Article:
On the ground Red Knots will make a few other calls.  The first two recordings below were both given after playback, and typically included some calls given on a short flight off the ground and others given while perched.  I’ve also heard them given during encounters with other Knots, so they likely represent a higher degree of agitation than their normal flight song.  The next two recordings are the two different types of alarm calls that I’ve heard, both given by a bird near young, flightless chicks.  The first was given during a broken wing display (which many shorebirds have), and the sound is likely meant to mimic the squeals of a hurt mammal and draw potential predators away from the nest or young.  The second was made when the same bird was a bit calmer, but still trying to draw my attention away from the nearby chicks.

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Rock Sandpiper, Nome, Alaska. This individual was heard giving RRC and “song”. © Andrew Spencer.

Next up is a species that most birders aren’t terribly familiar with (unless you live in the Pacific Northwest) – Rock Sandpiper.  The west coast equivalent of Purple Sandpiper, this species is typically local and uncommon in the lower 48 during the winter months only, most often found from northern California northward.  They also tend to not be very vocal on their wintering grounds, though it isn’t uncommon to hear a rough “churt” when they flush.  In Alaska they breed on a variety of tundra habitats (depending on the subspecies), and unsurprisingly have quite a variety of calls and songs.  Rock Sandpiper illustrates one of the problems when classifying shorebird vocalizations – what exactly is their “song”?  There are three vocalizations that seem to fill that purpose in this species.  The first recording below is an example of what is called “Rhythmically Repeated Call” (RRC) in many shorebirds species.  It tends to be given during a prolonged flight display in which the bird flutters with shallow wingbeats well of the ground.  Actually, RRC is one of the least variable shorebird sounds – for example, compare the one below to the RRC of Baird’s Sandpiper (the first few phrases, and then for longer after the flight songs).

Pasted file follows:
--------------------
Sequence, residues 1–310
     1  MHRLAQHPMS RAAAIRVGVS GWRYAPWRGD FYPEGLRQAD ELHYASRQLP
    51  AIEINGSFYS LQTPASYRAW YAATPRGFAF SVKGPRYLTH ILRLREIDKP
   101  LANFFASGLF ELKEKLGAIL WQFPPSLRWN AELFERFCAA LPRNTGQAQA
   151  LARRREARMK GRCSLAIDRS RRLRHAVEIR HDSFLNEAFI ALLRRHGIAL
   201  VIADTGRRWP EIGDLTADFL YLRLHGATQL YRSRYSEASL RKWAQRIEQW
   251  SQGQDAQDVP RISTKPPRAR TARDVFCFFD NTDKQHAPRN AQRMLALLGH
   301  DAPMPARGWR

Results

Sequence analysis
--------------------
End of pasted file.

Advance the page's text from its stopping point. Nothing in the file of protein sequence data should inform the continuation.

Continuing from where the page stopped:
The next two recordings below are what BNA calls the “song” of Rock Sandpiper.  It is typically given in a short flight low over the ground, and typically with a long break between strophes.  Then there’s my favorite Rock Sand voc – what BNA calls the “cricket call” – a remarkable sound so out of character for what I had stereotyped as a quiet, bland shorebird, that I nearly fell over laughing the first time I heard it.  The “cricket call” is typically given by birds on the ground, and the only times I’ve heard it have been when the bird was acting especially territorial (after encounters with other Rock Sandpipers or after playback).  The names of these three territorial vocalizations could be simplified to “long song” (the RRC), “short song” (what BNA calls song), and “ground song” (the cricket call).

Rock Sandpipers also have a variety of calls that are only heard in the Arctic.  The classic “churt” call is still heard there, most often when the bird is flushed (see the first two recordings below).  When more alarmed they also give what BNA calls a “bleating” call, which like the RRC is a common call type among shorebirds – see XC141733 from Semipalmated Sandpiper and XC149250 (the first call) from Western Sandpiper.  The final call type below was given by two birds during an aggressive encounter, and is harder to pigeonhole into one of BNA’s categories.

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Pectoral Sandpiper, Barrow, Alaska. This picture was taken immediately after it performed one hooting song as it was puffing up to go into another. © Andrew Spencer.